Tuesday, November 28, 2023

Journal** entries

View Legal blog - Journal** entries by Matthew Burgess

Recent posts have considered various aspects of the leading cases where two parties owe mutual liabilities or obligations, and the ability to set off the liabilities against each other through a book entry.

It is however important to note that generally, journal entries of themselves have no legal effect.

Arguably the leading case in this regard is Manzi v Smith [1975] HCA 35.

The key quote out of this decision is as follows -
‘We were referred to cases in which a payment of money was held to have been made by means of entries in books of account. But in those cases the entries represented the agreement of the appropriate parties….

These decisions, quite clearly, are not authority for the proposition for which they were advanced, namely, that a payment of money was made by the making by the company of a journal entry in the books of account without reference to, or without the agreement of, the persons said to be the recipients of the money. The company's assertions in its books of account did not establish the indebtedness of the appellants or any payment of money in discharge of that indebtedness.’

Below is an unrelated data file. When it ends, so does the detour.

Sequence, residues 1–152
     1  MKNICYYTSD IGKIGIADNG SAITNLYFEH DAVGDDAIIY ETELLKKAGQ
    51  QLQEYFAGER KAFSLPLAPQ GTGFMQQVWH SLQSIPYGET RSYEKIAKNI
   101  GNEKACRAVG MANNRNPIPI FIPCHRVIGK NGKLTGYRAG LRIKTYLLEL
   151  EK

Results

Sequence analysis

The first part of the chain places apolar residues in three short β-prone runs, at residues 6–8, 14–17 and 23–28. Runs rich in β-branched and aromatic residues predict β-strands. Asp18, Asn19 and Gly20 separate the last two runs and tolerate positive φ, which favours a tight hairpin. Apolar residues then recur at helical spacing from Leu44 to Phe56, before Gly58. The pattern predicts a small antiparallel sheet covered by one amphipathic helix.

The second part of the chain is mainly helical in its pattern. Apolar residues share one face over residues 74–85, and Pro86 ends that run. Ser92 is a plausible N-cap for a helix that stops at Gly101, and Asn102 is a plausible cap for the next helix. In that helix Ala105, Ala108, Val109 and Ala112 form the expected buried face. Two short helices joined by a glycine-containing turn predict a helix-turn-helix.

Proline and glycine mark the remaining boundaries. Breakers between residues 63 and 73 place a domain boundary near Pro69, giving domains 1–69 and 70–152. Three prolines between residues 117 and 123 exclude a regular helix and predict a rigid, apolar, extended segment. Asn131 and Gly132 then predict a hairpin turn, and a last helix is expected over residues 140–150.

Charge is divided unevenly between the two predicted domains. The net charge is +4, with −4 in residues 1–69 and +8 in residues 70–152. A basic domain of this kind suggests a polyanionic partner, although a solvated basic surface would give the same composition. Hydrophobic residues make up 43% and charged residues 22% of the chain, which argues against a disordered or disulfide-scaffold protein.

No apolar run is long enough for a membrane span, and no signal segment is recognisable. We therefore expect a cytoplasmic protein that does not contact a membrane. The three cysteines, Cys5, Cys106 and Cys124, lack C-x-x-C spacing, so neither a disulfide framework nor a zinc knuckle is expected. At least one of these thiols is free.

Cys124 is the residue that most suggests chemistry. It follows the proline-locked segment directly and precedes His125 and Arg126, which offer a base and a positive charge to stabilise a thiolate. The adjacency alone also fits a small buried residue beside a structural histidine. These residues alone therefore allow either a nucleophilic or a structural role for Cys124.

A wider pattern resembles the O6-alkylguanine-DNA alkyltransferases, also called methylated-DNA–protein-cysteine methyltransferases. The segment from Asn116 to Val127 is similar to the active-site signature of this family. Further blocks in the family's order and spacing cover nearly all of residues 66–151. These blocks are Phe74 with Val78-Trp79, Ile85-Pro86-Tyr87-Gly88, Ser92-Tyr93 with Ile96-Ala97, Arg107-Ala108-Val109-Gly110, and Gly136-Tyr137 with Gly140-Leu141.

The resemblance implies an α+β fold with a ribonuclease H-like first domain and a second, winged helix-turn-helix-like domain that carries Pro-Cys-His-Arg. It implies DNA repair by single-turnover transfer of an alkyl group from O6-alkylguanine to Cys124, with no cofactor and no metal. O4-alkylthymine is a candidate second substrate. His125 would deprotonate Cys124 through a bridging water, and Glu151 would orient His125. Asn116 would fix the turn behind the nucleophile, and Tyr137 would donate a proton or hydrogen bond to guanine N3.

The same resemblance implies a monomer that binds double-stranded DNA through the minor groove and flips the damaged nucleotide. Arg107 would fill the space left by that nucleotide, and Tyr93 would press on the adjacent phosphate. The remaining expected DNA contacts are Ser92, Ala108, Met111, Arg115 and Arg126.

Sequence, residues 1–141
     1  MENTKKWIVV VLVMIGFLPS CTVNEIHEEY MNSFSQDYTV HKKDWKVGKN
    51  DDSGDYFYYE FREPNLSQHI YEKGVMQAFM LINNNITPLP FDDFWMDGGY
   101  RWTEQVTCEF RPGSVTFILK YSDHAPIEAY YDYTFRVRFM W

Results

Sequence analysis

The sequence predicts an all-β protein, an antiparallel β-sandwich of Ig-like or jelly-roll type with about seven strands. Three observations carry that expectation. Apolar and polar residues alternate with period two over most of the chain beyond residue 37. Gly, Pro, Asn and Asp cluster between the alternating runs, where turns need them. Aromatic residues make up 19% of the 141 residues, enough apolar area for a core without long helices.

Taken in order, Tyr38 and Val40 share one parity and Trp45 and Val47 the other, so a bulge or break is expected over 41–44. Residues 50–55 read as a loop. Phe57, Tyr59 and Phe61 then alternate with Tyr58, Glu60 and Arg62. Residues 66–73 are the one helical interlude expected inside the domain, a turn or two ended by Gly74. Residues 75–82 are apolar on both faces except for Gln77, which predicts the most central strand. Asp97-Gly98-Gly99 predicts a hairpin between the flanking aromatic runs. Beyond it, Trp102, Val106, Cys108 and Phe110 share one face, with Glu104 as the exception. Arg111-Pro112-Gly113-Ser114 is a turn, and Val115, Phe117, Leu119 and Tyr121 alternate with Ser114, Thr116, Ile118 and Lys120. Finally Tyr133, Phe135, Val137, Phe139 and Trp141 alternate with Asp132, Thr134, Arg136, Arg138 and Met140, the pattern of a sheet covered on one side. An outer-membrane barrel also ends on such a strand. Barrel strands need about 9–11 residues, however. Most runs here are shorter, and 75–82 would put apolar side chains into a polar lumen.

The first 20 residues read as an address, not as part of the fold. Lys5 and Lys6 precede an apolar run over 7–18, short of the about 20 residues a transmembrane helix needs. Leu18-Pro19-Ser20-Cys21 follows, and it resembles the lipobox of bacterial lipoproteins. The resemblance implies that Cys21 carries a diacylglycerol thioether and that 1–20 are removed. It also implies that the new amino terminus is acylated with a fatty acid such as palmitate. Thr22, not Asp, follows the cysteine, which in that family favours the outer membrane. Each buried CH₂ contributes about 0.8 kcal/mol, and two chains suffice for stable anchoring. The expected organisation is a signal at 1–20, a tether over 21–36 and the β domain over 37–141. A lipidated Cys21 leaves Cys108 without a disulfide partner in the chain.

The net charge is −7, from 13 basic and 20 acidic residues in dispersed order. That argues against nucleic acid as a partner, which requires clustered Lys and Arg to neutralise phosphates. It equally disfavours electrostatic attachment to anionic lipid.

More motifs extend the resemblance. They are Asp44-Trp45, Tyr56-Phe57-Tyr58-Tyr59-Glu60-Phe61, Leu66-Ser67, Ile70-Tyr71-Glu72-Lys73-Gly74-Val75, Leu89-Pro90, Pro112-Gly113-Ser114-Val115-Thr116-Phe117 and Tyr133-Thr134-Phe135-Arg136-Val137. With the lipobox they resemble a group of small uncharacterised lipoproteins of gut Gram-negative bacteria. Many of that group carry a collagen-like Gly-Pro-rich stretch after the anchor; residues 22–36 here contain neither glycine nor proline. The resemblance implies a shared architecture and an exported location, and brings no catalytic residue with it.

The Tax Office similarly has confirmed that while book entries record transactions having legal consequences, they do not of themselves constitute transactions. In other words, a unilateral action by one of the parties, such as a mere entry in its books of account, does not change the liabilities between the parties.

This means that in any transaction it is important that there is a valid binding agreement (or agreements) supporting the existence of the arrangements to which any journal entries purportedly relate.

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** For the trainspotters, the title of today's post is riffed from the Johnny Cash song 'The singing star’s queen'.

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